Of course good branding is more than witty slogans and pithy assertions. A brand needs core values that its followers can favorably identify with and which serve to differentiate it in the “marketplace.” On these core values Bailly echoes the comments on unique weather and geography but says that there is a more important “brand characteristic” of the Fargo Film Festival. “Our focus is on filmmakers and the art of filmmaking. We make little effort to pursue premiere screenings. We focus on making the most out of the winning films that are selected by our jurors in nine categories.”
In aiming to be more about the art form than the “scene” (yes, I’m looking at you, Sundance), Bailly and the festival have focused on areas in which their festival can be strong instead of on weaknesses that would hobble the brand in heads-up competition with its peers. “We really do pride ourselves in celebrating filmmakers and the art of filmmaking, not deal-making. Let’s face it, the big distributors are in all probability not coming to Fargo.” And in a way, the Fargo Film Festival’s attitude of substance over style and sincere pragmatism and self-knowledge over pretending to be something it’s not is a perfect reflection of the character of the residents of Fargo (and North Dakota) who have come to proudly embrace the festival as their own.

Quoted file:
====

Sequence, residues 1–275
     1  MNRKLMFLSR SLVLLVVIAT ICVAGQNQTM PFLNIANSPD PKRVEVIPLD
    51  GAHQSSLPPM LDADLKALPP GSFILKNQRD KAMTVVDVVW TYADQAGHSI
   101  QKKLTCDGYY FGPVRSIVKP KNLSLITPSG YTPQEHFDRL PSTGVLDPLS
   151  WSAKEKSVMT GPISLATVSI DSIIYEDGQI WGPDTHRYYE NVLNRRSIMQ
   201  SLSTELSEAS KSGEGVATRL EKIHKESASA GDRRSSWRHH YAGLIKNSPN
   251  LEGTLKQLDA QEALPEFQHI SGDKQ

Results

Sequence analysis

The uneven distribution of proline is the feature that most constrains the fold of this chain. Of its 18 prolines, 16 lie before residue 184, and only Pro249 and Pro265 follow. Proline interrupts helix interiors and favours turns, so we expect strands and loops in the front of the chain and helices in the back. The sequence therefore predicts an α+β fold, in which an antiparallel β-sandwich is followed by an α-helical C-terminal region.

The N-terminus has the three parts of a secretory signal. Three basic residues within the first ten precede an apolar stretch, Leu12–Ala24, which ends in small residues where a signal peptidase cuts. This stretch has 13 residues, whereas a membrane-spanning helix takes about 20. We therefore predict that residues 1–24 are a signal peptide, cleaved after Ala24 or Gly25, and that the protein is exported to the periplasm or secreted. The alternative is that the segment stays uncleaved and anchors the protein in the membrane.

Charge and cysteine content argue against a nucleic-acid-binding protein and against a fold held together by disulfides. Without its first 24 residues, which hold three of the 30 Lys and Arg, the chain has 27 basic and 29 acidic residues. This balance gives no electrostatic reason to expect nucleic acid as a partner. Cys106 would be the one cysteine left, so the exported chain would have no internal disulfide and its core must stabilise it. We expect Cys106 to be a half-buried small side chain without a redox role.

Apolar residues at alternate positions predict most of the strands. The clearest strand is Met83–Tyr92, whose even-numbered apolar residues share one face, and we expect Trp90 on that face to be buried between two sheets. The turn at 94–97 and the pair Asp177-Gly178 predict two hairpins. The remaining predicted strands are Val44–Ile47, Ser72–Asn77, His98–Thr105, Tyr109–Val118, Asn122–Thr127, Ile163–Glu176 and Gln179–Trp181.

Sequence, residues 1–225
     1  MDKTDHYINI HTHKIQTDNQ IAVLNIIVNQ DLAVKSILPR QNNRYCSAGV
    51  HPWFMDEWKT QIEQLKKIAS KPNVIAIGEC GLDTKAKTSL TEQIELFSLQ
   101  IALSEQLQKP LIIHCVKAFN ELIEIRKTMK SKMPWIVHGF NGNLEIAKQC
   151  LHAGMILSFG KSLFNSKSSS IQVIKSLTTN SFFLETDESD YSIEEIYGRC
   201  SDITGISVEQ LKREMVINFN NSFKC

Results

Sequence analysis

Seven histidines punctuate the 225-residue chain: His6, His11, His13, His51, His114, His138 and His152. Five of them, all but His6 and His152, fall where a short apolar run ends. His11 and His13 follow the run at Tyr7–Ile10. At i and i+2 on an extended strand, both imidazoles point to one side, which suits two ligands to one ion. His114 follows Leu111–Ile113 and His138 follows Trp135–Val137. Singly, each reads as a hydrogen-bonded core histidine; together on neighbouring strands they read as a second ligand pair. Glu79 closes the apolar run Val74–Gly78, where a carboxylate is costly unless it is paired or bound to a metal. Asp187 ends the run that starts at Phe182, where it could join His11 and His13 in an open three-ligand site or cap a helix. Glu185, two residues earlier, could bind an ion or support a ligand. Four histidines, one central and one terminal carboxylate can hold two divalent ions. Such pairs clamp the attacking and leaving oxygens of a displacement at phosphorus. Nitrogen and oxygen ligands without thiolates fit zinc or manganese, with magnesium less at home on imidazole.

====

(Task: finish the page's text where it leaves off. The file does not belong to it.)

For Bailly, knowing your community and region and, more importantly, exactly who your potential audiences will be, is just the beginning of what it takes to put together a well-branded film festival. Her personal checklist for success ranges from the technical to the specifics of promotion. “Focus on authentic jurying processes and put the best product submitted to the festival on the screen. Weave together a fabric of good programming, factoring in local general audience tastes with the ‘more sophisticated’ appetites of the film ‘experts.’ Marketing. Marketing. Marketing. It’s very important for everyone’s comfort level and experience to cover the hard costs of the festival through sponsorships and advertising sales prior to opening day. This allows you the freedom to not nickel and dime visiting filmmakers and local audience members for every little glass of wine and stuffed mushroom.”
The festival has also branded itself locally. While the highly famous might not attend, the festival creates a sense of community ownership and local pride—something better-known festivals do not accomplish in the cities they take over for a sliver of time each year. Bailly points out that many committed, creative volunteers do everything from serving as film jurors to organizing a movie-themed window competition in downtown Fargo. “Volunteers chair our formal festival advisory committee and commit hours and hours to the festival literally year round. We really could not survive without their efforts. We are fortunate to have strong film programs at two of the academic institutions in the Fargo area. These programs provide student interns for the festival and valuable student person power throughout the days of the festival.”
After nearly a decade and an increasingly high level of recognition and success, where does Bailly think the festival needs, or wants, to go in the future? “We will continue to focus on celebrating filmmaking and filmmakers. We will continue to treat winning filmmakers very well, housing them at a wonderful downtown boutique hotel. We intend to add more workshops, panel discussions as well as informal interaction between audiences and visiting filmmakers.” You betcha.